For years, individuals have filed OPRA requests with agencies to obtain all of the OPRA requests an agency has received during a specific timeframe. Requestors use these records in a variety of ways, such as a) finding out how many OPRA requests an agency is handling during any specific timeframe (since agencies have no obligation to calculate that information and let the public know); b) being able to contact another member of the public who is interested in the same type of government issues; c) learning more about government by seeing what other requestors are seeking from their government.
While local governments have generally continued to comply with such requests, unfortunately in 2014 the State began denying all requests for OPRA requests (perhaps not coincidentally, when the requests began to ask for other requests about the Bridgegate scandal). The trial court ruled against the State, but the matters were stayed. Accordingly, since 2014, requestors have not been able to obtain copies of OPRA requests that were filed with any State agency.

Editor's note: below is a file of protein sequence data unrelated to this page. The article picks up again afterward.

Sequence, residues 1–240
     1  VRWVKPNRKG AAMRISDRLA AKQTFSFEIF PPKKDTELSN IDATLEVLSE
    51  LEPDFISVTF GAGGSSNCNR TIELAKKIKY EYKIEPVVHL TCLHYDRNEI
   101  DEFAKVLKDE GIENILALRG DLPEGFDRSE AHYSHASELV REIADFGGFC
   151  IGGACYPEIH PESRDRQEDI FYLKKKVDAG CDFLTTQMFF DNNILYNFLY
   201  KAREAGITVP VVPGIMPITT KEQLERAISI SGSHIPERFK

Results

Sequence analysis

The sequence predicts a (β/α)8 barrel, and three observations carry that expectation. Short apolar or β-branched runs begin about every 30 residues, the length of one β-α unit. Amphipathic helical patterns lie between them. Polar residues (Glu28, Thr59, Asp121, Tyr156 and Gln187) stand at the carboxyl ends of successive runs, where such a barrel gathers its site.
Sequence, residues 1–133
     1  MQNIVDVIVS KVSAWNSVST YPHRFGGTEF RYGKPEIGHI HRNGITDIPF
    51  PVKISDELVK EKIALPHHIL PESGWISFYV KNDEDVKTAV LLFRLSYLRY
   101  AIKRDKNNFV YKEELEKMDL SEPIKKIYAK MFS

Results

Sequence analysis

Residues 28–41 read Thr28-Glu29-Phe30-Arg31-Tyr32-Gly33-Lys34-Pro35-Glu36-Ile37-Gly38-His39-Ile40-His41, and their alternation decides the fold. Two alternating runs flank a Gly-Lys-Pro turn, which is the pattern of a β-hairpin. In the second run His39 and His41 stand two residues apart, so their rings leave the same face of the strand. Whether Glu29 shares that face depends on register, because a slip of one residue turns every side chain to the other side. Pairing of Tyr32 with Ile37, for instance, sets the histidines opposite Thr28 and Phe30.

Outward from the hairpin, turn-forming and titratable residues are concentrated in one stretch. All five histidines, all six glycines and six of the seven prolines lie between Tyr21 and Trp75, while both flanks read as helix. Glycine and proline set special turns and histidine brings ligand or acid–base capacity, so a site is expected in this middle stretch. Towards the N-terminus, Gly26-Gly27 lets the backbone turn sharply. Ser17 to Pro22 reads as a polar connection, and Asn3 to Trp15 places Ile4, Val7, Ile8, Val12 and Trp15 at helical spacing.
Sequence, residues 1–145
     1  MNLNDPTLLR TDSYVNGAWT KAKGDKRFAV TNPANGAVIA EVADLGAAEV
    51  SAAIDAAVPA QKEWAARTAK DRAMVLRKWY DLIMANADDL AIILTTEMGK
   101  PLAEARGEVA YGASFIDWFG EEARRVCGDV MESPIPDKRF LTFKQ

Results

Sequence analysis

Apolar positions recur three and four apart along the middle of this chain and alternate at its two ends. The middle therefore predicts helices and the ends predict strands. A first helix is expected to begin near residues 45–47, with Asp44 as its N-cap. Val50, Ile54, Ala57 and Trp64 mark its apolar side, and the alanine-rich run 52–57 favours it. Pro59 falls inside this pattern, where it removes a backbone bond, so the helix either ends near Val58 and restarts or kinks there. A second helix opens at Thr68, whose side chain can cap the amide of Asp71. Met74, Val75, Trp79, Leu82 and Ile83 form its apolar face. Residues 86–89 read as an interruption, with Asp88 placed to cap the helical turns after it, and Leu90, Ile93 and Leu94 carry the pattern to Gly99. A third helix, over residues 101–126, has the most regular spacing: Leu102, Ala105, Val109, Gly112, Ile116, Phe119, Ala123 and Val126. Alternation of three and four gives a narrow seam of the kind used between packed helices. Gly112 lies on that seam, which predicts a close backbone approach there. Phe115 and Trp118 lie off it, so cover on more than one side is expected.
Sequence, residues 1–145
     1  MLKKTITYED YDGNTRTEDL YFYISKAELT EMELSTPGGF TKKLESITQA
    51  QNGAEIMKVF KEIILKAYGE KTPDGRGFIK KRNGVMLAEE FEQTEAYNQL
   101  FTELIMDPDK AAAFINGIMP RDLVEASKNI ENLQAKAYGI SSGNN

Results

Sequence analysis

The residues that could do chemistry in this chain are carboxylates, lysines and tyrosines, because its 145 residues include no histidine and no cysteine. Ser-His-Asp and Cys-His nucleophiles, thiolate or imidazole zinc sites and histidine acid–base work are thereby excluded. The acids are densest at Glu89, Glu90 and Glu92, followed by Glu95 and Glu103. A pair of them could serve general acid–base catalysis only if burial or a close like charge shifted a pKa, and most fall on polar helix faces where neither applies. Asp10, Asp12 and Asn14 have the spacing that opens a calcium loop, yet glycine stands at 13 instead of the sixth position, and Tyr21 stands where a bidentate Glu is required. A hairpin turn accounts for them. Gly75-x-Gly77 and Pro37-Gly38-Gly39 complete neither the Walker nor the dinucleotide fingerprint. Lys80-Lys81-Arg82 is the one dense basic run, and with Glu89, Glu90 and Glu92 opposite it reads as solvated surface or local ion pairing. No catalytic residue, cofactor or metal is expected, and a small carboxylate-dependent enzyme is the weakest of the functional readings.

Recently, however, the Appellate Division issued a published opinion and rejected the State’s appeal. In Scheeler v. Office of the Governor, __ N.J. Super. __ (2017), the Appellate Division held that there is no blanket exemption that permits an agency to deny access to all OPRA requests that were filed with the agency. While the Court noted that there may be circumstances where a single OPRA request might invoke a confidentiality concern (such as containing trade secrets), overwhelmingly that will not be the case.
The Court also re-affirmed its prior holdings and concluded that a request for all OPRA requests filed during a specific timeframe was valid and did not require “research.”
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